Since we never got a Hollywood sourcebook before FASA discontinued the Crimson Skies boardgame line, I've always wanted to know more about the militias and pirate groups of the former state of California. One of the most curious throwaway lines to me in the original CS rulebooks was a brief mention of "Prince Vlad and the Red Dragons" as the leading pirate threat to Hollywood.
I always wondered what this pirate band's origins and background were like, so I decided to try writing something up myself. Here is my own (VERY non-canon) take on Prince Vlad and his Red Dragons. Comments and criticism are welcome! - Neo-Tanuki
Air Action Weekly Profile: Pirates of the Hollywood Coast
Prince Vlad and the Red Dragons
If not for a twist of fate, Vladimir Kardos might have carved out a place in history as one of the great actors of the silver screen. Instead, thanks to several ill-timed strokes of bad luck — and an off-hand snide comment by a young Howard Hughes — Kardos would instead claim a place in Hollywood infamy as “Prince Vlad,” leader of the pirate band known as the Red Dragons and the most notorious aerial corsair to plague the Pacific Coast.
Born in 1907 in Budapest to a stolidly middle-class shopkeeper and his wife, Kardos had few prospects for wealth and fame in childhood. Running away from home at the age of 15, he took advantage of his two greatest gifts — darkly handsome looks and a powerful baritone speaking voice — to break into a modestly successful career in theatre. His stage presence made him a minor local sensation and caught the attention of the leaders of the European Expressionist movement in silent film, which had just begun to make its mark on an enthralled public across the continent. Under the direction of filmmakers such as Murnau, Lang, and others, Kardos went on to star in half-a-dozen classics of silent horror such as “The Dollmaker,” “The Shadow Carnival” and the cult 1926 vampire film, “The Man Who Visits The Churchyard.” These films made Kardos a minor sensation in Europe, especially in Germany and his native Hungary…but he found himself craving more. In 1928, he emigrated to Los Angeles, determined to break into the burgeoning Hollywood film industry. Known for a flair for the dramatic, Kardos would show up at auditions for horror films fully in character, clad head to foot in the black undertaker’s suit he made famous in “The Man Who Visits The Churchyard.”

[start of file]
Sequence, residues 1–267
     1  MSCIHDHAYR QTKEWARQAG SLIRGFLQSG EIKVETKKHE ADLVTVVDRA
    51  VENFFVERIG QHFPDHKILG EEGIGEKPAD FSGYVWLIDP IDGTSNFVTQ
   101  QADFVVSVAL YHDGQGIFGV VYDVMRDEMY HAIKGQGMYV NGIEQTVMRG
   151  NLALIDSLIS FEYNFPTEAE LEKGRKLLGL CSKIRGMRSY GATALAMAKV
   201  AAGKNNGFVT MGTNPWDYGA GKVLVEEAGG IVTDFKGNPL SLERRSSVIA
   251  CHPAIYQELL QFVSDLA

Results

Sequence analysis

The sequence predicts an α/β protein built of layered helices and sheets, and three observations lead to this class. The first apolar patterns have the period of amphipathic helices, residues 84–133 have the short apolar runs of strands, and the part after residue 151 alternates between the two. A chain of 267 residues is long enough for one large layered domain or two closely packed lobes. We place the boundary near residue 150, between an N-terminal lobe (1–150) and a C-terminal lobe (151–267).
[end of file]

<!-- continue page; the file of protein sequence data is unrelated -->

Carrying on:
Unfortunately for Kardos, there was little demand for his talents in Hollywood. The sensational debut of the Academy Award-winning “Wings” in 1927 had created an overnight sensation for aviation adventure stories. Dark, artistic drama and horror was out—air combat films were in. Kardos struggled to find work in the sink-or-swim entertainment culture of Los Angeles, juggling odd jobs as a waiter, taxi driver and construction worker with dozens of auditions and night classes in English and aviation. Proving himself to be a highly competent pilot, he landed what looked might be his big American break — a part as a German fighter ace in Howard Hughes’ upcoming World War I epic, “Hell’s Angels.”
Then disaster struck. In 1930, midway through production, the first talking motion picture, “The Jazz Singer” caught Hughes’ attention — and immediately the mercurial director decided that “Hell’s Angels" would have to be re-shot to accommodate sound dialogue. After re-working the script and reviewing the re-tooled footage, Hughes became unsatisfied with Kardos’ pronounced Hungarian accent and decided to remove him from the picture. “No one is going to buy him as a German. He just sounds too fake,” Hughes said in Kardos’ hearing. It was an insult the proud, dignified Hungarian actor never would forget or forgive.